In this episode Bhi digs into the fear and madness that characterizes so much of this crazy time in America. Bhi Bhiman Puts the Music Before the Message Bhi Bhiman joins to explain the "nerd punk rock" behind releasing his new album Peace of Mind with an accompanying podcast. Since Bhiman explores issues like deportation on the track "Beyond the Border," there's a lot to say about each song.

Even though he tackles tough topics, Bhiman make sure he puts music before the message. With each brother attaining a higher plane of celebrity during their time off, the three must achieve pop success or face public humiliation. How do they do it? With three ingredients that ensure a hit song in 1 whistle while you work, 2 Homer the funky drummer, and 3 tune in, turn in, drop out.

It takes no more than three minutes, and it really helps out the show. Each instrument fits perfectly together like a lost memory coming into focus. How Streaming Changed the Sound of Pop Streaming hasn't just changed the way we listen to music, it's changed the way that pop music sounds. After years of losses due to the death of the CD and the rise of file sharing, the music industry has finally found a profitable business in streaming services.

Streaming has overtaken all other music sales. Digital music platforms are the new Virgin megastore. But these services are more than just a distribution mechanism, they have created a whole new music economy. Album sales have been replaced by "album equivalent units," a business fiction that equates 1, streams to one physical sale. Artists are now effectively paid by the song.

With ad-supported and subscription based business models, these platforms have upended incentives so significantly that it can be heard in the songwriting. Songs are getting shorter, albums are getting longer, and there is an entirely new section of the song that draws from the classical past: the "pop overture.

Top 40 Activism with Justin Tranter Can political protest exist within the confines of commercial popular music? Songwriter Justin Tranter is equal parts songwriter and activist. You've likely heard his contributions to songs by Britney Spears, Julia Michaels, Selena Gomez, Janelle Monae and Ariana Grande, but unless you were paying close attention, you may have missed the essential subtext in his work.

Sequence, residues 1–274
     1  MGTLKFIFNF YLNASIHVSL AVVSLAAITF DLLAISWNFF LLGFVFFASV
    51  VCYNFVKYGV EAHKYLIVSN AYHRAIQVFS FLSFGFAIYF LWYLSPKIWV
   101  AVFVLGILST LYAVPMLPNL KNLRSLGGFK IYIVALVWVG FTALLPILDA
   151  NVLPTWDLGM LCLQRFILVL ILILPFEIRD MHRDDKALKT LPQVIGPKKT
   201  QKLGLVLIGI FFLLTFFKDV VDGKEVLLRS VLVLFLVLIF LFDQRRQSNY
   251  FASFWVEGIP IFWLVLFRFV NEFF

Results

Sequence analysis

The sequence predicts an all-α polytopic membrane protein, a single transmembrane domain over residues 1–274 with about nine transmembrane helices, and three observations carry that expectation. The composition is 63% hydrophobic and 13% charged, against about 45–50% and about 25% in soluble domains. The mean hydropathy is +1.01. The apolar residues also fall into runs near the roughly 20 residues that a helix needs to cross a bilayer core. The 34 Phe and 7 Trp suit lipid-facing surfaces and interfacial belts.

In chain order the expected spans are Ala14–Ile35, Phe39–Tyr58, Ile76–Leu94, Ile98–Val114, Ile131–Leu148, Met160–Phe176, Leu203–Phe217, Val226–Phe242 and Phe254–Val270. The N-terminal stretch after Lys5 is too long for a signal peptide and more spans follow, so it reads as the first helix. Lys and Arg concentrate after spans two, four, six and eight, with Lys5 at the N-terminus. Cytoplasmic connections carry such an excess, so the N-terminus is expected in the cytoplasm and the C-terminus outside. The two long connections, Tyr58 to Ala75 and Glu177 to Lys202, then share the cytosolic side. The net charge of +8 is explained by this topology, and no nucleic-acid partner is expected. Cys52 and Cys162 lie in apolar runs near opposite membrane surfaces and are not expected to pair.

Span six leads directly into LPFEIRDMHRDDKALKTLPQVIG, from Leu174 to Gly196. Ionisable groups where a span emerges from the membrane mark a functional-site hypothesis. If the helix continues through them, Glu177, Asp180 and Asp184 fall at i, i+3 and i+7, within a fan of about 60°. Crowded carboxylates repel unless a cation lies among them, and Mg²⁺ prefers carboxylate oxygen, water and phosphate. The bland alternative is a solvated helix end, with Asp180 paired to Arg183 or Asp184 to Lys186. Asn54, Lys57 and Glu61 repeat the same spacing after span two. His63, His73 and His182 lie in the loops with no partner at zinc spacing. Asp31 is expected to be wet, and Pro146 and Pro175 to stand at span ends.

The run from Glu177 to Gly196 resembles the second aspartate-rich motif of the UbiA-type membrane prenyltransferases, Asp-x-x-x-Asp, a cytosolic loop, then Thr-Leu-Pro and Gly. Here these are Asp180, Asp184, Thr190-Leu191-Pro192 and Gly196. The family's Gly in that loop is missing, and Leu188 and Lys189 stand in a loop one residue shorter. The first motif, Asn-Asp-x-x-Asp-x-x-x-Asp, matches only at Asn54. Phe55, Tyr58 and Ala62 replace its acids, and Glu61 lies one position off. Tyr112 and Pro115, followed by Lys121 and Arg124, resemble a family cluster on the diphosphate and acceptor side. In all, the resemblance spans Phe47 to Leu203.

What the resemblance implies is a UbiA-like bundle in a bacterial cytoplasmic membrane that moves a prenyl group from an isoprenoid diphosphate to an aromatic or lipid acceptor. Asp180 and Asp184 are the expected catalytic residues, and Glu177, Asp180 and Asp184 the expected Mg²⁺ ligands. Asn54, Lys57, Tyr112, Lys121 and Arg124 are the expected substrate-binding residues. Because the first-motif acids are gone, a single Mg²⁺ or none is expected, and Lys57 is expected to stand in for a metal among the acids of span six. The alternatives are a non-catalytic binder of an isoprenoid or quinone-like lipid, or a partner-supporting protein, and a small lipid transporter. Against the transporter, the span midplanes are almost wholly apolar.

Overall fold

On this episode, he breaks down his newest hit "Swan Song" which was co-written with Dua Lipa. This song is a triple threat serving as the end credits for the film Alita: Battle Angel, a Billboard hit, and a protest against the silencing of marginalized people. Justin shows us how representation in songwriting is inseparable from Nothings Changed (Mafia & Fluxy Mix) - Barrington Levy - Nothings Changed / Work (Vinyl). And he's creating an open mic for new voices and stories that have been historically ignored by the pop industry.

Orxata's Queering Pop Music playlist. What if music awards were given out for only musical qualities? It may seem like celebrity and spectacle are more important than ever at the 61st Grammy Awards, but we believe many of this years winners earned their accolades with noteworthy music. Still, we thought the winners should be heralded by new, more musical categories. What Makes a Song Sexy? Author Courtney Smith joins to offer her expertise on an urgent topic in advance of Valentine's Day: Can we abstract the sexiest songs of all time into a universal list of arousing musical qualities?

We try our best by examining five decades of pop sexiness, discovering lyrical lingerie, and consider the most and least seductive instruments. Author Lauren Michele Jackson joins to break down who has the right to repurpose sonic history.

We may have not been totally honest with you from the beginning. Back in we were more pop skeptics than fanatics. The genre was, to some degree, the sugar that made the musical analysis medicine go down.